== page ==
I don't think this change is fiscal policy is a "cliff."

Unfortunately, going over the fiscal cliff may be the only way to get anything done. Waking up in January to a real crisis will force serious proposals on middle class tax cuts and spending reform. Any interim deal that kicks the can down the road even 1-3 months just prolongs the farce.

I Congress were a true company, most would have been fired by now for not solving this problem and putting it off as long as they have. John Maudin has wriiten a book called "End Game". In it, there is description for the US to use a "Glide path" to solve our fiscal problems. Some pain for all of us, but a good outcome in thelong run.

Yes bring it on! Not that I want to pay more in taxes or for the economy to suffer but rather I'd like to see our Federal government actually cut spending. It is such an unnatural thing for government to do I'd like proof that it can be done. In fact maybe a chain reaction can be started where each party one-ups the other with coming up with ideas on how to cut costs. But I know that's a rediculous thought, no one in government actually has the courage to cut spending. We may look back at "sequester" as one of the most ingenious moves ever made - automatic spending cuts without any one party taking more blame than the other.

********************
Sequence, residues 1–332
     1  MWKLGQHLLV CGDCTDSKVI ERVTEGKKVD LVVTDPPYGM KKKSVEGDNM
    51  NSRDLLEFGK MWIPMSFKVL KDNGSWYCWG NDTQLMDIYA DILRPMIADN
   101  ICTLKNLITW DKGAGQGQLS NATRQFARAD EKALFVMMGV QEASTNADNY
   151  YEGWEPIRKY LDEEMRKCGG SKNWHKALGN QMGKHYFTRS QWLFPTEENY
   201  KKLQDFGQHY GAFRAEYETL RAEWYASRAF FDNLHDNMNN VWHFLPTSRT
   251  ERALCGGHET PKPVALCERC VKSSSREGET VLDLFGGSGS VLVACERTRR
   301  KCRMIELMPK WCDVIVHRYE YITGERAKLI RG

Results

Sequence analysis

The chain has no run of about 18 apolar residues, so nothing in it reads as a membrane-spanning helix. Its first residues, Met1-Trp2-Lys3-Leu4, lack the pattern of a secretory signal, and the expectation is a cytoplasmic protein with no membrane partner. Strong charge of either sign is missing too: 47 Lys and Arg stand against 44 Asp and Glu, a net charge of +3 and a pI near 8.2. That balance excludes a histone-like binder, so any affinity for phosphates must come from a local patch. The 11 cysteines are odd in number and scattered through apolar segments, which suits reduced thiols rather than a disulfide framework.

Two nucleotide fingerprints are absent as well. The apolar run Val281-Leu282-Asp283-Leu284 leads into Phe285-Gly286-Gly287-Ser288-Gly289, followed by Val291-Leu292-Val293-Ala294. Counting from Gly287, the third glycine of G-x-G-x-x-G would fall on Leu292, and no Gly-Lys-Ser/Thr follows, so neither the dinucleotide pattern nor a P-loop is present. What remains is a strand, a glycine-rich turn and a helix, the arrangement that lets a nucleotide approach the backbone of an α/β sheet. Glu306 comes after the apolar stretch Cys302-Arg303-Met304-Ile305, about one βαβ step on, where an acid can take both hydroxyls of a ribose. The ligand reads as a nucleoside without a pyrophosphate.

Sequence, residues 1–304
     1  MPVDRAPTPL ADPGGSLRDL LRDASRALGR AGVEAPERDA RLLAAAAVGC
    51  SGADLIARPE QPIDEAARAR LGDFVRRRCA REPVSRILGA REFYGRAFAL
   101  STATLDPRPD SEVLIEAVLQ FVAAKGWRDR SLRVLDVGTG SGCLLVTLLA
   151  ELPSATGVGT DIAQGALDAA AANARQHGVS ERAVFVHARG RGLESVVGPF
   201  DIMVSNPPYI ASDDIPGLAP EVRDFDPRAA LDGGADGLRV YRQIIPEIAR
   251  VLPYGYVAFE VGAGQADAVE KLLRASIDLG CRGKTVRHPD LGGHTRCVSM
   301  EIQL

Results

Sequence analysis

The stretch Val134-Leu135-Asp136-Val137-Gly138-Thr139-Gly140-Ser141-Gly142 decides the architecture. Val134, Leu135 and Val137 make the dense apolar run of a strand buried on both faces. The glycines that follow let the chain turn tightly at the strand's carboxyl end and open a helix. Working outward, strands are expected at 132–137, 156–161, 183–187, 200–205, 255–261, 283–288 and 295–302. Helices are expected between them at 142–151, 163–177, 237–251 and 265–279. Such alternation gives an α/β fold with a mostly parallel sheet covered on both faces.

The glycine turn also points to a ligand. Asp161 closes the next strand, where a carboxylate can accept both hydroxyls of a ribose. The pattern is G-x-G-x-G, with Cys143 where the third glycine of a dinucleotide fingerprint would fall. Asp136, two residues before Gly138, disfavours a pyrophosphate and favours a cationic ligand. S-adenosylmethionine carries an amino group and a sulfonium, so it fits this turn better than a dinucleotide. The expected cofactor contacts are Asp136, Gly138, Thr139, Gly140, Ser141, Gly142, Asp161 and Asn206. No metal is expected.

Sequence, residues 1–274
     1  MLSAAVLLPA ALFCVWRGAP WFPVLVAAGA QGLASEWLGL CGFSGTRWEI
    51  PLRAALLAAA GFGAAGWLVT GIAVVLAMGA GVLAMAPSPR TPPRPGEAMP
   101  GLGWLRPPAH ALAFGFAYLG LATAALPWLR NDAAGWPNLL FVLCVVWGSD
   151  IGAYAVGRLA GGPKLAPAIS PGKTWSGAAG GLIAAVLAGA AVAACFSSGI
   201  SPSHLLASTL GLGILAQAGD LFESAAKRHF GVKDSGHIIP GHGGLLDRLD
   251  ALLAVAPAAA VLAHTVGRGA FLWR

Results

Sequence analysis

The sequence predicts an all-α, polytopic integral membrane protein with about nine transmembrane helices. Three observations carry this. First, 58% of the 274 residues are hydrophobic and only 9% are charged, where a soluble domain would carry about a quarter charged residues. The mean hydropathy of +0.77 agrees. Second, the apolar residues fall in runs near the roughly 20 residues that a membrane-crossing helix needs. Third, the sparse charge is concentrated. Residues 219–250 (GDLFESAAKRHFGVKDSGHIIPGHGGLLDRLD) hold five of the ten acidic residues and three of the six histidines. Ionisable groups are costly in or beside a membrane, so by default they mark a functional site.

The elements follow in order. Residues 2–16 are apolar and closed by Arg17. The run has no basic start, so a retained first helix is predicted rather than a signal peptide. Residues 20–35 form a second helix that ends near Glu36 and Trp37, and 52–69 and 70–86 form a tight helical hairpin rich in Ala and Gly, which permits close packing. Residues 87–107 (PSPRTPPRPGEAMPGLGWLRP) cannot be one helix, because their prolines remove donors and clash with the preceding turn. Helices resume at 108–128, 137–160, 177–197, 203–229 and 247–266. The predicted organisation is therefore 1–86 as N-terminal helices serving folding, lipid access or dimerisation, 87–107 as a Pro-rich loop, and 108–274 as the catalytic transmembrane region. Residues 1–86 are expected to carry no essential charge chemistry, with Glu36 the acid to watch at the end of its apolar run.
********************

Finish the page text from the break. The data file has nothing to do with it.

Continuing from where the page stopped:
And when the lenders walk, the economy and everyone in the US will be in real free fall. We're talking currency devaluation and much, much more. That's when those with the means to do so start to jump off the ship.

Please explain to all listeners that the "spending cuts" proposed by both sides are from projected future increases!
The Income tax was created in 1913 and rates have ranged up to 90% yet total taxed collected have been about 18-21%
of GDP REGRDLESS of the rate. We can't spend a Trillion more over revenue every year much longer. Lenders will walk.